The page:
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Good climate for top crops

Modern agri­cul­ture is unthink­able without green­houses. They make it possible to harvest inde­pen­dently of the seasons. But plants only thrive in them when the air supply and distri­b­u­tion are perfectly regu­lated. AxiCool fans from ebm-papst are ideal for this task.

Super­mar­kets have not sold by the season for a long time. Fresh and crispy toma­toes, peppers, and other produce are avail­able in the produce section throughout the year, regard­less of the season. By providing summery condi­tions during the winter, green­houses are one of the things making this possible (Fig. 1). The situ­a­tion has bene­fits for both consumers and farmers. The latter can use green­houses to harvest more crops and mini­mize risk in the process: under a protec­tive roof, weather-related crop fail­ures and hail damage are not an issue. In prin­ciple, with smart irri­ga­tion systems and air condi­tioners, plants can even thrive in places where nature would not normally allow it, such as deserts or cold regions.

A ques­tion of distri­b­u­tion

Unfor­tu­nately, cold or hot spots may arise over the entire green­house area. Only limited plant growth is possible in such places, and the plants are more suscep­tible to disease there. Photo­syn­thesis and plant growth are strongly depen­dent on the temper­a­ture. If it is too cold, photo­syn­thesis proceeds very slowly; if it is too warm, it comes to a stop very quickly.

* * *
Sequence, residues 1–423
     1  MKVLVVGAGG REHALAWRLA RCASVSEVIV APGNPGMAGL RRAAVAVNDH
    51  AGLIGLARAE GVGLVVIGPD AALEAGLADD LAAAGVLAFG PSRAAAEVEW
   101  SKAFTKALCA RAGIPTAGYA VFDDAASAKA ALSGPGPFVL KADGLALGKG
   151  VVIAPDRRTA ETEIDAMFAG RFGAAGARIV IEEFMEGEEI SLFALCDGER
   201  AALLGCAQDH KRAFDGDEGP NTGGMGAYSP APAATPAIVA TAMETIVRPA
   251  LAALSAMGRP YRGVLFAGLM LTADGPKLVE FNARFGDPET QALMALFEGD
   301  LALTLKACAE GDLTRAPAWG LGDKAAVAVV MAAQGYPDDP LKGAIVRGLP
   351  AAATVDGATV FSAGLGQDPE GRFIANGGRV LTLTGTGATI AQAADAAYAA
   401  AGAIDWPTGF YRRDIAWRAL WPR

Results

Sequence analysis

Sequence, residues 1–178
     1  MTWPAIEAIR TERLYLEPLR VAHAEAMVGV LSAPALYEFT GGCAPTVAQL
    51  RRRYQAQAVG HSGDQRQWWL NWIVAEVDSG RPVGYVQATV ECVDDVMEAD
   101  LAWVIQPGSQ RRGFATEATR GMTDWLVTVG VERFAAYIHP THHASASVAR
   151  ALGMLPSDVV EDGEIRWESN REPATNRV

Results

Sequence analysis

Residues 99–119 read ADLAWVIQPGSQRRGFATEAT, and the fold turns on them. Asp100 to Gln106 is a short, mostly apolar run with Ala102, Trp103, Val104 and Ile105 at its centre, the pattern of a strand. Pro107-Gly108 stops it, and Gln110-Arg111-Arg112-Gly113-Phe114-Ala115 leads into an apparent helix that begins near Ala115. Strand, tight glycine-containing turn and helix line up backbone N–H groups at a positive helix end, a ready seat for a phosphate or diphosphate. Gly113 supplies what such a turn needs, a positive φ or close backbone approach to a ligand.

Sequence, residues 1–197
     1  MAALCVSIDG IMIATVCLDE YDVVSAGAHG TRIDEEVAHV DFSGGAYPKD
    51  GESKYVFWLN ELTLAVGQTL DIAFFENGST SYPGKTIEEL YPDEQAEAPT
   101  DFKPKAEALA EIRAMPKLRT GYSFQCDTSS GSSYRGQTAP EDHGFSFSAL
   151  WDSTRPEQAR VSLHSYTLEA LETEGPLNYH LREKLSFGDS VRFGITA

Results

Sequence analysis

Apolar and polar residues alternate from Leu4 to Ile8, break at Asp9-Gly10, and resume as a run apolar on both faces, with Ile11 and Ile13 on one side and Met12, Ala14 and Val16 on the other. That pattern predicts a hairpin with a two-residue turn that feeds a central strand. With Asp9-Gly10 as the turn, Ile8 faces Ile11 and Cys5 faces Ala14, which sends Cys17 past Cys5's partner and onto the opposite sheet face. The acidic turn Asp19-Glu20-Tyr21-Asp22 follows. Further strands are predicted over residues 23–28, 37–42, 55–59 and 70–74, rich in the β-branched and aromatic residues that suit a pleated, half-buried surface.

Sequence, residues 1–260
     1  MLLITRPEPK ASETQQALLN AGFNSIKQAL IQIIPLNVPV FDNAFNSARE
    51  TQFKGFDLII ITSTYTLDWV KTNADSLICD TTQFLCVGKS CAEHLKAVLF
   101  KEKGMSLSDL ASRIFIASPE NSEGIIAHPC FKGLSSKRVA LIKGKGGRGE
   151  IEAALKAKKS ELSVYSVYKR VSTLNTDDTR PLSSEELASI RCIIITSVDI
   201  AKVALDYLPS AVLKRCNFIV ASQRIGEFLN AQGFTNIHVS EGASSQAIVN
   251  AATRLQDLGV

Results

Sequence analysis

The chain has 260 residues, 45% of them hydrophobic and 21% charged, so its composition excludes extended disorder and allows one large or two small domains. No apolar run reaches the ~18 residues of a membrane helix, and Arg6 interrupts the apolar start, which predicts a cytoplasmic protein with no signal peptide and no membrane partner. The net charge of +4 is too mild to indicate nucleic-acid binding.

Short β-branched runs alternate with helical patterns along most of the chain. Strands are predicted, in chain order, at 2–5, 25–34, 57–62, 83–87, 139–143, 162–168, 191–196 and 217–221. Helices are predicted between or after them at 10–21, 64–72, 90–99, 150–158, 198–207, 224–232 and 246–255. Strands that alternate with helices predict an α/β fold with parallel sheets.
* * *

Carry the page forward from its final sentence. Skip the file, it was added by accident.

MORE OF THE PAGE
AxiCool fans from ebm-papst enable precise control of the air flow.

On the one hand, the optimum temper­a­ture that needs to be evenly distrib­uted throughout the green­house depends on the type of plant. And on the other hand, a good supply of fresh air and air circu­la­tion are the keys to a good harvest – along­side the right temper­a­ture and humidity. This is why the goal is to create uniform climatic condi­tions with a roaming air flow by evenly distrib­uting the air at a constant speed over the entire green­house.

Hori­zontal venti­lation is a common method of evenly distrib­uting the air in green­houses (Fig. 2). In this method, the air is guided above the plants in the hori­zontal direc­tion. As a rule, fresh air is supplied through the sides of the green­house. A highly inno­v­a­tive air supply method is the use of venti­lation tubes from below (Fig. 3). This process ensures that suffi­cient CO2 reaches the plants. This is partic­u­larly impor­tant since CO2 is the base substance for photo­syn­thesis in plants.

Figure 2: With hori­zontal venti­lation, the air in the green­house is circu­lated so as to ensure a uniform temper­a­ture around the plants. (Graphic | ebm-papst)

Figure 3: With venti­lation tubes, the air is supplied under­neath the plants, providing an optimum supply of CO2 to the under­sides of their leaves. (Graphic | ebm-papst)

Solu­tion from refrig­er­a­tion tech­nology

Green­house oper­a­tors have the option to use a venti­lation system that meets all of the plants’ needs and is also easy to install. The solu­tion uses AxiCool axial fans from ebm-papst (Fig. 4).

Figure 4: AxiCool fans with guide vanes on the outlet side are used for hori­zontal venti­lation. They have a white housing to reflect as much of the inci­dent light (impor­tant for plant growth) as possible. (Photo | ebm-papst)

They were orig­i­nally devel­oped for refrig­er­a­tion tech­nology since even temper­a­ture distri­b­u­tion is also impor­tant to keep goods fresh in cold storage rooms. That also makes them ideal for green­houses. They feature high air throw and enable precise control of the air flow.